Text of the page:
I started my love affair with paper at 11 years old delivering the Daily News to 75 customers at 6 am in the morning before going to elementary school – so paper is in my blood.
    I have imprinted messages in my brain covering Ali-Frazier, Watergate, Roe v. Wade, US Troops withdrawing from Vietnam – these are very powerful stories with powerful images that will be with me forever. There is no way these stories would have made that same impact – digitally. I moved to Shoreham in 2001 , then immediately gravitated to the North Shore Sun in 2002. I was well aware the paper was winning awards for their coverage and format. I was extremely proud to live in a community that had such a paper. No matter how cool a web site is – I just don’t see it being the same. In the end I suppose it’s the content that counts..It’s the talent of the writers like Mr Parpan and company that will bring the Sun along to the new frontier in digital journalism. But that begs the question: would a cup of Starbucks coffee taste just as good without that quality cup it’s served in? It’s the same coffee right? The North Shore Sun was a comforting staple in the community – I know I felt warmer and fuzzier with a quality newspaper in my mailbox every Friday. We all just cannot deny that this is true. This is not a reflection of what the North Shore Sun has done to us. It’s more like a good friend leaving town and I will miss that friend. The other queasy feeling I am getting is from the fact that only one physical locally printed newspaper remains in our community. Maybe it’s just me but I don’t like when there is one of anything. Hey, maybe I’ll start a newspaper 🙂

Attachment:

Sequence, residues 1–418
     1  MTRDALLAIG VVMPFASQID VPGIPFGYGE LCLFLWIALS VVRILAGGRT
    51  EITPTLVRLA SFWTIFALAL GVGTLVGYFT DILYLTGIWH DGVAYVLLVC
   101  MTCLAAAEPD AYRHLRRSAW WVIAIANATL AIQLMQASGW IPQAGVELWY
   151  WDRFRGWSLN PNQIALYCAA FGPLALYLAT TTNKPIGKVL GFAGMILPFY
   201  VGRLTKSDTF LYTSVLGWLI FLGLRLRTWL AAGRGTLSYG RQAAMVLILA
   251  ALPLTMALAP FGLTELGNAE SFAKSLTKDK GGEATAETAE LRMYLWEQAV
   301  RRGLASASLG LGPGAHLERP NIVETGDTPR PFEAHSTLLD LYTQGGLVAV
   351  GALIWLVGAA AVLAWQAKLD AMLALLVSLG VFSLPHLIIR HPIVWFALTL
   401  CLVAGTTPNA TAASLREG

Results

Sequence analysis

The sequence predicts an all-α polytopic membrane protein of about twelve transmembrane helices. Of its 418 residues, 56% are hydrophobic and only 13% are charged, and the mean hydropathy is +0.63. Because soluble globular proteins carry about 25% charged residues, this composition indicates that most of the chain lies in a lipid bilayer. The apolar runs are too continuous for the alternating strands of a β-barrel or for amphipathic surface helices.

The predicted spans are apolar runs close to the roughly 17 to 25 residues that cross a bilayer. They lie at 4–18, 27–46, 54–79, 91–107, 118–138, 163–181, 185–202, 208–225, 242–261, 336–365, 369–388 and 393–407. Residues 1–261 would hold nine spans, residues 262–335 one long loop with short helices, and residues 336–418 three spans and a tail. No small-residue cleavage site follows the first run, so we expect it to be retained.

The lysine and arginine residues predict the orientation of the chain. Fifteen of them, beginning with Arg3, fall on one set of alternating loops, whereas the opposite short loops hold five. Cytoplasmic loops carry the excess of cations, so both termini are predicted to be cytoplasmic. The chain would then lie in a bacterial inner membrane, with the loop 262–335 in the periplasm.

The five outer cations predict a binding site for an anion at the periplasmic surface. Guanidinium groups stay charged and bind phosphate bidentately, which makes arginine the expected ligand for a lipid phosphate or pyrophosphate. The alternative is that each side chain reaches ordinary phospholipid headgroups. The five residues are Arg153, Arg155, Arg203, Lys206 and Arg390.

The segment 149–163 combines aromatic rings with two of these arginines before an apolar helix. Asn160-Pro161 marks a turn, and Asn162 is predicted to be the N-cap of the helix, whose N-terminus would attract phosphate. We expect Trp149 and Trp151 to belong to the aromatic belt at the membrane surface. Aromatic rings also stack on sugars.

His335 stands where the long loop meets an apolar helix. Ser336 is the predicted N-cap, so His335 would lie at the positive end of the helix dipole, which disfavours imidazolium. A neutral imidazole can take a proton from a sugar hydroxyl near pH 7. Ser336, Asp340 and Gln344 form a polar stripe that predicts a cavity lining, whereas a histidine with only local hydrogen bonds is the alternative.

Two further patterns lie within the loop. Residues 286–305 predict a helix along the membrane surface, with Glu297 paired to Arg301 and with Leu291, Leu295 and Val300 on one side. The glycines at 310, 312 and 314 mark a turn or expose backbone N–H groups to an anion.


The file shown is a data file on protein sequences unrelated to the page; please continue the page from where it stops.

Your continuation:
I truly wish the digital Sun all the best – having published digitally since 1995 and SWRWeekly.com since 2008 – I can tell them there is a whole new set of challenges before them – One of them being the attention span of the average reader is at an all time low. With FACEBOOK, Twitter, AOL’s Patch, and the literally hundreds of blogs and other digital streams out there – people have a huge amount of choice, less time and short attention spans. It all should make for a very interesting time in this next decade of news media upon us.

    I wish the Sun all the best and thank the entire staff for their brilliant coverage in the paper for the last 8 years.

    Kevin Wood,

  • Best wishes to the North Shore Sun as it goes fully airborne. I still feel somewhat uneasy – and a bit sad – seeing more and more print newspapers bite the dust. What’s in print can’t disappear so easily – what has been printed cannot be unprinted. The fact that some people do not have computers – or at least easy access to one – also concerns me. In any case, North Shore Sun – excelsior!

  • I personally think this is a great idea and wish you luck! For me, it is easier to get time to read it while online and I think it gives you the opportunity for stories to be much more updated. I think this paper is one of the best local papers around — I read it all the time & it keeps me informed about what’s happening in my own community.